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Johnson, NASCAR take opposing lessons from appeal
FONTANA, CALIF. (AP) - Jimmie Johnson insists his car was perfectly legal at the Daytona 500, and he believes NASCAR’s chief appellate officer proved it this week by rescinding most of the penalties levied against crew chief Chad Knaus.
“Through the appeal process, we’ve proved that those C-posts were legal,” the five-time champion driver said Friday.
“That tells you that the inspection process was correct, and there was an issue with the car,” Helton said.
“I guess this is one of those positions where we agree to disagree,” Johnson said.
Helton staunchly defended Middlebrook against criticism of Tuesday’s surprising ruling, rejecting presumptions of a bias toward Hendrick Motorsports. Helton also defended the autocratic nature of Middlebrook’s job, which doesn’t require him to give any rationale for his decisions.
“We believe the decision that was made this week supports the inspection process,” Helton said. “Because the elements of the penalty that were upheld indicate that … the inspectors did their job correctly. I think the debate this week was about the decision after that point, and we reacted to it. We believe very strongly in our inspection process, and I’m very proud of it.”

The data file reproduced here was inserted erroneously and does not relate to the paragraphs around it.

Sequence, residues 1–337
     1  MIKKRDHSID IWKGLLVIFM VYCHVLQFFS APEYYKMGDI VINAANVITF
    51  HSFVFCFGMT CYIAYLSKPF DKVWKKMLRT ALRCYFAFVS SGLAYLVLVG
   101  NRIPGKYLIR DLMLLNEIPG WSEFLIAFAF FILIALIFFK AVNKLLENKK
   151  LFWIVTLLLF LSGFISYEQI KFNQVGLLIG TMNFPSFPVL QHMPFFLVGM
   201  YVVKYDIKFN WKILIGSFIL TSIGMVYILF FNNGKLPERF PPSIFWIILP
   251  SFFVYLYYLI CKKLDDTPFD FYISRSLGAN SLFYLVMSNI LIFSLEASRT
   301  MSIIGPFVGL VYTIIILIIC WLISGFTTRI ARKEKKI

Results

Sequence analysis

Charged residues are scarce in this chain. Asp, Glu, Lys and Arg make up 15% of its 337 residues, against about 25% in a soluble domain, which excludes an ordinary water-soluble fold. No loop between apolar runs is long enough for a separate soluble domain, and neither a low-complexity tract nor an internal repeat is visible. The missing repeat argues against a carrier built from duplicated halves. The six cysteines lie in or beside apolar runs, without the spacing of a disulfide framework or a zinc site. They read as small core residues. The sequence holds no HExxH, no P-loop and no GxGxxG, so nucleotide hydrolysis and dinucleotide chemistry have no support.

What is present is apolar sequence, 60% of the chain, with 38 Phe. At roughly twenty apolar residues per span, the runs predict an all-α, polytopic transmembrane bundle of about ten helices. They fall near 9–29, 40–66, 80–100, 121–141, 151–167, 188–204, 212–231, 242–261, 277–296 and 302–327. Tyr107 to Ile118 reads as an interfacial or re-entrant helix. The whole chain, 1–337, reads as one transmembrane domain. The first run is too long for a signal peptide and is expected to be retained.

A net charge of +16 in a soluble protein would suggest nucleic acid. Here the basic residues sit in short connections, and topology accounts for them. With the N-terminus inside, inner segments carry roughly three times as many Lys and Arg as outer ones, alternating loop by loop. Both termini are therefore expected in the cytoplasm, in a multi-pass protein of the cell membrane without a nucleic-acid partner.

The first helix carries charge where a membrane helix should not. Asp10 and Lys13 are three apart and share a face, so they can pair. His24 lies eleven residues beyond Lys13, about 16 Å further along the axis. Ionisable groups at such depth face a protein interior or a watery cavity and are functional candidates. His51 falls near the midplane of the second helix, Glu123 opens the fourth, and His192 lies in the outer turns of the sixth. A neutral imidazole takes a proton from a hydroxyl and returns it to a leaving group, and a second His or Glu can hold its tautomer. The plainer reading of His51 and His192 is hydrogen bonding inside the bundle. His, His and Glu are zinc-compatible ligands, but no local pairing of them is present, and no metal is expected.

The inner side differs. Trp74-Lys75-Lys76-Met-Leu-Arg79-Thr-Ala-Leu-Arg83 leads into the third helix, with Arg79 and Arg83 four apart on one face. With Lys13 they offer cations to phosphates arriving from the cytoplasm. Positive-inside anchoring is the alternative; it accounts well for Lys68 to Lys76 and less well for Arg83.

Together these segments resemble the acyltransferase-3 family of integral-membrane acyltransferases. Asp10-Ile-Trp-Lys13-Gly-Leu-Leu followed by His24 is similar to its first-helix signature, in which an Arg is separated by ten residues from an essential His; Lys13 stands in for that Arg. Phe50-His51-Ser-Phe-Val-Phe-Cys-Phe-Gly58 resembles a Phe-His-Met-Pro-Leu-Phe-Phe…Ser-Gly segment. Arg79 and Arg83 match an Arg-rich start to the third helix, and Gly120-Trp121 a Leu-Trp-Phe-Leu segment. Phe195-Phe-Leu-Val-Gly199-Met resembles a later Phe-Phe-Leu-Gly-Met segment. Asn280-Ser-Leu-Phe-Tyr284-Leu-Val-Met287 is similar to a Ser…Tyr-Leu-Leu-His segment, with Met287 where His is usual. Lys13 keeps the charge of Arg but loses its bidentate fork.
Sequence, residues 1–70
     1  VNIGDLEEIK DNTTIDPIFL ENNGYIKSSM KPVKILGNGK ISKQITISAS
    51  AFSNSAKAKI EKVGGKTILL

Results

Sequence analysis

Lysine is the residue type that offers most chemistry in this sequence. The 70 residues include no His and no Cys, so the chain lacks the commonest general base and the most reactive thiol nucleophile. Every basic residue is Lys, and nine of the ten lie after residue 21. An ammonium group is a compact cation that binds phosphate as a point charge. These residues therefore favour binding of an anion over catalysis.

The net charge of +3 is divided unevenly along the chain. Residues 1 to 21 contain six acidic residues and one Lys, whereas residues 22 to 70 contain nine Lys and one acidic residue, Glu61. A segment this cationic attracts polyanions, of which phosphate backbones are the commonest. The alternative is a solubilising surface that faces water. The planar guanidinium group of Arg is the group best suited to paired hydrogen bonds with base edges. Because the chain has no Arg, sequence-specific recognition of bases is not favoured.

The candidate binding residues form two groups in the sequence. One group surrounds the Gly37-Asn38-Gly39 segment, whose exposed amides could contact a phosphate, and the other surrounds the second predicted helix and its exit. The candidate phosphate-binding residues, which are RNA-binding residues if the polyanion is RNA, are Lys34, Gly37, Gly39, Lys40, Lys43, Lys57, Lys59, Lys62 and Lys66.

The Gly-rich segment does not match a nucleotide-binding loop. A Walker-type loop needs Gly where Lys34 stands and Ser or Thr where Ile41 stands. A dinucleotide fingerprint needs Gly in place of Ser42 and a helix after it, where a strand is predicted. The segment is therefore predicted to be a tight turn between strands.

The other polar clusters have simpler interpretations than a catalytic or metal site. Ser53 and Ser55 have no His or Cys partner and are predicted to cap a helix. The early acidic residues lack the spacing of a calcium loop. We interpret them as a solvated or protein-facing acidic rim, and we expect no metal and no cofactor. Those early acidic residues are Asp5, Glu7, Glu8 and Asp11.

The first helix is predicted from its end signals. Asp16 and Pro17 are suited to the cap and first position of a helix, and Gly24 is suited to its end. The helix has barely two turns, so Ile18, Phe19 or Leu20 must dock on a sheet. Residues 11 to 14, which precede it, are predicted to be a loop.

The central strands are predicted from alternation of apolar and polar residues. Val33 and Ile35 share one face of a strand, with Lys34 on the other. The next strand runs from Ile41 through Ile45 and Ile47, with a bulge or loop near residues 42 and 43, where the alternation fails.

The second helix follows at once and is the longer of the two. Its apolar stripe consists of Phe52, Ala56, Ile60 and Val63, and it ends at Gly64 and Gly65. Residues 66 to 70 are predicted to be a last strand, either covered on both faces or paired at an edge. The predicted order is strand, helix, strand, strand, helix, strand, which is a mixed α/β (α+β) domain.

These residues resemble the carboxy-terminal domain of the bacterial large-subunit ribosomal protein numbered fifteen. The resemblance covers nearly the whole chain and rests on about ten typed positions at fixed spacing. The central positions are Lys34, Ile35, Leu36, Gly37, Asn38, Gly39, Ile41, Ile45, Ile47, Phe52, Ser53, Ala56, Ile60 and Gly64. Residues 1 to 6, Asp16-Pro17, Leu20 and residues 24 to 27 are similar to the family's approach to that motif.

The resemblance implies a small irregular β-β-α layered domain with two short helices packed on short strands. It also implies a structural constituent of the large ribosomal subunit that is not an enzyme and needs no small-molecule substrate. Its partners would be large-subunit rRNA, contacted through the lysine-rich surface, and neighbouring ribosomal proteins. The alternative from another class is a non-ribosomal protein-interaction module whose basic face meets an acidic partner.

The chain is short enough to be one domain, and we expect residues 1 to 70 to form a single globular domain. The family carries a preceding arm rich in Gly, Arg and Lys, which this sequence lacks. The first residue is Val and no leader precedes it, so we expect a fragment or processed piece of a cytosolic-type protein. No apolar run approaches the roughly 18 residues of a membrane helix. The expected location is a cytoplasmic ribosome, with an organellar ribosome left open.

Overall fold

Knaus was fined and suspended for six races along with car chief Ron Malec, and Johnson was docked 25 points after the No. 48 car failed opening day inspection at Daytona. The inspectors visually determined the sheet metal between the roof and side windows had been illegally modified to create an aerodynamic advantage.
After a three-member panel unanimously upheld NASCAR’s penalties, nobody thought Johnson and the oft-scrutinized Knaus had much of a chance to successfully appeal that heavy punishment. Instead, Middlebrook put Knaus and Malec on probation through May 9 and restored Johnson’s points _ yet inexplicably kept the six-figure fine.
“I don’t feel vindicated, because I feel like everything should have been overturned,” Johnson said. “Pleased that things went our way, but don’t feel vindicated.”
“I’ll keep my personal reaction to myself, because I’m the only one that will ever know it,” Helton said. “But I got through that in about 30 seconds to go on to the fact that we did what we felt was correct. Our inspectors did their job. We collectively made a decision on how to react to it, and the car owner has a due process that they can follow. That due process completes it all. We’ll go on down the road.”
Yet Johnson and Helton aren’t willing to budge from their opinions of the C-posts that caused all this trouble. Johnson insists they’re legal, while Helton thinks the same configuration could get the car pulled from a future race.
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